In raising awareness within the Yale community about the flaws of SOPA, we aimed to create original content which would specifically appeal to Yale students, both in addressing issues relevant to our audience and by presenting this material in an entertaining form.  Thus, we created internet memes, videos, an op-ed for the Yale Daily News, and a blog.  Additionally, we wrote an anti-SOPA form letter for Yale students to send to their members of Congress which was tailored to reflect a Yale student’s perspective.  Finally, to make all of this content easier to access, we either linked the material to the Stop SOPA at Yale Facebook page or we created static HTML pages for the material with corresponding tabs to our Facebook page.

Internet Memes:

       The use of internet memes provided an effective and engaging way to point out the ridiculous elements of SOPA.  In generating our anti-SOPA memes, we drew from internet memes which were already popular and recognizable, such as the Lazy College Senior or Futurama Fry.  Thus, Yale students would be able to easily recognize the humor which we aimed to convey. Plus, internet memes can be easily shared and transformed.  Consequently, we hoped that our fans would not only share our anti-SOPA memes, but would also craft similar memes themselves.  Some topics which our memes addressed were the possible end to interactive websites such as Facebook and Wikipedia, the end to fair use online, and the halting of future innovative online start-ups.

Video Posts:

       Similar to the internet memes, the videos which we created aimed to point out insensible aspects of SOPA in a humorous way.  However, through videos we could portray these aspects in a more in-depth form to help our audience gain a better understanding of the problems created by SOPA.  For instance, the video entitled SOPA Courtroom Battle illustrates the extreme changes SOPA will make in criminalizing copyright infringement.

Form Letter:

       By creating an anti-SOPA form letter, we hoped to encourage students to be active participants in the Stop SOPA at Yale campaign, rather than just passive followers.  While creating awareness on campus about SOPA is important, it was equally important to us to inspire a response to the bill.  As mentioned above, we tailored the form letter to address the concerns of Yale students.  This form letter, with instructions on how to send it, was posted both on our Facebook page and our blog so that it could be easily accessed.

Op-Ed:

       As another form of outreach on campus, our group wrote an op-ed piece to be published in the Yale Daily News.  Unfortunately, it was too late in the semester for the op-ed to be published immediately, but it can currently be found on our blog and an updated version will be posted in the YDN early next semester.  Like our other creative content, the op-ed piece exemplifies many of the problems with SOPA and the article’s sarcastic, comical tone aims to keep our readers engaged and entertained.  Also, the op-ed piece directs our readers to visit our Facebook page, AmericanCensorship.org, and Wired for Change.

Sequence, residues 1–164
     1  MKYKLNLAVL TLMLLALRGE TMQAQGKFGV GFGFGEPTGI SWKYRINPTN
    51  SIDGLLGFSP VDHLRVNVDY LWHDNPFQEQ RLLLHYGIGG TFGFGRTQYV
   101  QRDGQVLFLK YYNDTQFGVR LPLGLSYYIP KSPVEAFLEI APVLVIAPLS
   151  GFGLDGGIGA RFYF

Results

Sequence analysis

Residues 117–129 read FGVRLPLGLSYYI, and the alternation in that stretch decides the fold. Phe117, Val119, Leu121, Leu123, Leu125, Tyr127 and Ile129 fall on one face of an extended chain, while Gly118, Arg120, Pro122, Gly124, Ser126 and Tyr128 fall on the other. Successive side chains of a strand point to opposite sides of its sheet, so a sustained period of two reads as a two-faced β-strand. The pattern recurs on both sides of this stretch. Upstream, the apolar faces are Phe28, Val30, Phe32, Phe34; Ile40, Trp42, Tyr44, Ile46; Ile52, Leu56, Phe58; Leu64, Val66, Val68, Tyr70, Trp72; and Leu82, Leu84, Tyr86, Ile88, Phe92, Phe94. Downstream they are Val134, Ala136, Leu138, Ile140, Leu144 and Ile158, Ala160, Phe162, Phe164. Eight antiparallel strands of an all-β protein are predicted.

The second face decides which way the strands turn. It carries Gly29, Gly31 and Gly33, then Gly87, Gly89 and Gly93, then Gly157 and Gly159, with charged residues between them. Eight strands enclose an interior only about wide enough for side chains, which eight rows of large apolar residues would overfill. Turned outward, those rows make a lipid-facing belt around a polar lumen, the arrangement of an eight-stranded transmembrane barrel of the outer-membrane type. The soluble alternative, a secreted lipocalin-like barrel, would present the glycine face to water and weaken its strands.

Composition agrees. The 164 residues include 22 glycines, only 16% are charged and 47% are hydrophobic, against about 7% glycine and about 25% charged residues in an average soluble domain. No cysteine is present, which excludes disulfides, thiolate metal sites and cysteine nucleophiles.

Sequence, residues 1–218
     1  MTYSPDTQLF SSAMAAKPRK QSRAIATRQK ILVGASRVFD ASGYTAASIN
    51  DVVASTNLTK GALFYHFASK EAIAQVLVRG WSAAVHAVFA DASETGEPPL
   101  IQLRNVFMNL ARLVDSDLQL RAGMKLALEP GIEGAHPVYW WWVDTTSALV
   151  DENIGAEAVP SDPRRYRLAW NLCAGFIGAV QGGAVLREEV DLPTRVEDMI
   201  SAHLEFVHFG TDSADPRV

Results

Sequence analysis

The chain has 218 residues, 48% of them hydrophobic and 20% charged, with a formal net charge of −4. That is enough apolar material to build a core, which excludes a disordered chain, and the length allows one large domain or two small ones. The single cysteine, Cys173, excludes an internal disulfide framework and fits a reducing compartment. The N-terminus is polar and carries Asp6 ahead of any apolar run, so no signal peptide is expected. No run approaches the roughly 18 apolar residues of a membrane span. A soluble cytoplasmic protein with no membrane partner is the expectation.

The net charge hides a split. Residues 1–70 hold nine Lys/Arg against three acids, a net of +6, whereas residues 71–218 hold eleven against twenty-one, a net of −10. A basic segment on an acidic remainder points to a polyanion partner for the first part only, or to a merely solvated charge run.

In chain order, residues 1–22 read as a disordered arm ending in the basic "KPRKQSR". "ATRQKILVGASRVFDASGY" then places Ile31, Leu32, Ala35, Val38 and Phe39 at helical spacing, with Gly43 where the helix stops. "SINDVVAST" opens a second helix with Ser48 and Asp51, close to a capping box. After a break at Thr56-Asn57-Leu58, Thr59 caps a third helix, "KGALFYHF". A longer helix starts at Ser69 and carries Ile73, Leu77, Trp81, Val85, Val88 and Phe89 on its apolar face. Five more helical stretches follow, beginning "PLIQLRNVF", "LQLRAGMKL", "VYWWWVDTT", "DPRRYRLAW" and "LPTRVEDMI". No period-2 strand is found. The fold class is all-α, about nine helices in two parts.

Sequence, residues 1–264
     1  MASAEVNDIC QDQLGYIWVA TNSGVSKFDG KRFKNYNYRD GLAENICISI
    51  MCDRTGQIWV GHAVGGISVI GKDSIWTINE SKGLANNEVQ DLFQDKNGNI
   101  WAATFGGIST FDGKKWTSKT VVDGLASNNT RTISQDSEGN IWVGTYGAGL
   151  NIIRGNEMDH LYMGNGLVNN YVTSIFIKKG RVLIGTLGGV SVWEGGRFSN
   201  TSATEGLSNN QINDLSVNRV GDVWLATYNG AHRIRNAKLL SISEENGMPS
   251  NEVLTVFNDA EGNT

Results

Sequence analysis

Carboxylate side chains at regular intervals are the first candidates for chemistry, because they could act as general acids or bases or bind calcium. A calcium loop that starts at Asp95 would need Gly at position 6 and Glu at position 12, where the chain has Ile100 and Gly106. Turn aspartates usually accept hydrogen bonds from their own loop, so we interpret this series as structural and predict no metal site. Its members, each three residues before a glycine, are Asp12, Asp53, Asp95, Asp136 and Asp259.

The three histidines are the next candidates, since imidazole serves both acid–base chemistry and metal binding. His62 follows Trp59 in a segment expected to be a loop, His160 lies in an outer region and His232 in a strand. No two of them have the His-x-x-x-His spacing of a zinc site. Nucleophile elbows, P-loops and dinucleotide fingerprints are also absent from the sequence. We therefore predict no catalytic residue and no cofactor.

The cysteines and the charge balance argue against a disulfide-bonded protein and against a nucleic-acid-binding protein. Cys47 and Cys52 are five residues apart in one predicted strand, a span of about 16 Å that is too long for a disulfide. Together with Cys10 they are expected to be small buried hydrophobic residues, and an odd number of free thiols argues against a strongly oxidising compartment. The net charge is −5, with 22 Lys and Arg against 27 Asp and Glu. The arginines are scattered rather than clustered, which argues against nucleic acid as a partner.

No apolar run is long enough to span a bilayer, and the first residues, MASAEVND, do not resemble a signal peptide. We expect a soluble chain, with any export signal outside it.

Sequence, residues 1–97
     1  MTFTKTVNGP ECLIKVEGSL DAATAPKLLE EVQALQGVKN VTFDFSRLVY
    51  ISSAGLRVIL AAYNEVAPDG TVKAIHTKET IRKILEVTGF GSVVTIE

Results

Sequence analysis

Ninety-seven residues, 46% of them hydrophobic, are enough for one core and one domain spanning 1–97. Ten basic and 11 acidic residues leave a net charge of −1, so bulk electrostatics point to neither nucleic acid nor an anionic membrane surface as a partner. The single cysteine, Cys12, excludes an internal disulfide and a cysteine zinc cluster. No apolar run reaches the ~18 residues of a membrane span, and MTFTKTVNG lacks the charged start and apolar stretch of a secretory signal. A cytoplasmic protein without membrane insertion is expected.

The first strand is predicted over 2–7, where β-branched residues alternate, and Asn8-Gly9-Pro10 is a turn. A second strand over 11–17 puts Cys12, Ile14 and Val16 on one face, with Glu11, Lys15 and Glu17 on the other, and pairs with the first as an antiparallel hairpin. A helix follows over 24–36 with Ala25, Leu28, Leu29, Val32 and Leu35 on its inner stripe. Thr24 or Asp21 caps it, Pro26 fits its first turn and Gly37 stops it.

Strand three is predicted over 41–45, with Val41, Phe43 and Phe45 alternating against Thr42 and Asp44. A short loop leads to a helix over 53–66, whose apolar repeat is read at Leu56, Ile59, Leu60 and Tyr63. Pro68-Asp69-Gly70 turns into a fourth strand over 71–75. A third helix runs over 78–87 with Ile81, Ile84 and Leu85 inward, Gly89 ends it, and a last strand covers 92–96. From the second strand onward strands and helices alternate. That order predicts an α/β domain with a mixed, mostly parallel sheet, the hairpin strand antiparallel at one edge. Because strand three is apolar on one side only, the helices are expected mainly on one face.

Blog:

       The Stop SOPA at Yale blog provides a forum for our group to express our opinions about SOPA extensively and provides a space for our followers to contribute their own viewpoints.  Similar to the op-ed, the blogs are written with the goal of being both informative and compelling.  Our blog posts touch on a variety of topics, ranging from the different camps of anti-SOPA supporters to the effect SOPA can have on healthcare.  In addition, three of our members held a live blog session to cover Congress’ markup debate of SOPA.  Through the blog, our group elevates our position in the anti-SOPA movement: not only do we provide a channel of information to Yale students, but we are also contributing to the online voices against SOPA.

Part 3: Becoming a Part of the Action

       One of the more interactive aspects that we integrated into Stop SOPA at Yale was our creation and operation of a live blog. After learning that there would be Congressional debate held to discuss the SOPA legislation on Thursday, December 15 (which just so happened to fall in the middle of our SOPA campaign), we realized it presented a great opportunity to add very direct and significant value to our campaign efforts. We would have been foolish not to somehow take advantage of the fortuitous timing of the most defining event to take place regarding SOPA to date. Sooo, we decided to conduct a continuous live blog during the House of Representatives’ Full Committee Markup. For the sake of clarification or if you are not really sure what a markup is, it is “The process by which congressional committees and subcommittees debate, amend, and rewrite proposed legislation.”

       Up to that point, the majority of our campaign’s content was based upon content published online, in the news, by political commentators, activists, etc. We had yet to really dig deep into the real diplomatic activity and reality of what was actually happening with SOPA on Capitol Hill, or among the politicians who will ultimately dictate the bill’s fate. We knew that by monitoring and providing commentary on the live debate IN CONGRESS, it would add a heightened level of authentic value to our campaign.

The very nature and benefits of maintaining a live blog carried unique advantages that fundamentally differed from the other aspects of our campaign (Facebook page, normal blog, memes, creative scenes, op-ed, etc)….

       Live blogging gave us a channel to portray not only our opinions about SOPA and why people should take a stand against it, but also the ability to present a discussion based on the statements made by representatives in Congress to support our previously published content. Furthermore, as proactive “Anti-SOPAs,” conducting this event forced us to seriously pay attention to what is ACTUALLY going on with SOPA in the political sphere. When participating in a public protest, it is very easy to get caught up in the overwhelming flood of public opinion online and in the media. Blogging live on the congressional hearing during which political figures delivered their positions helped us stay grounded.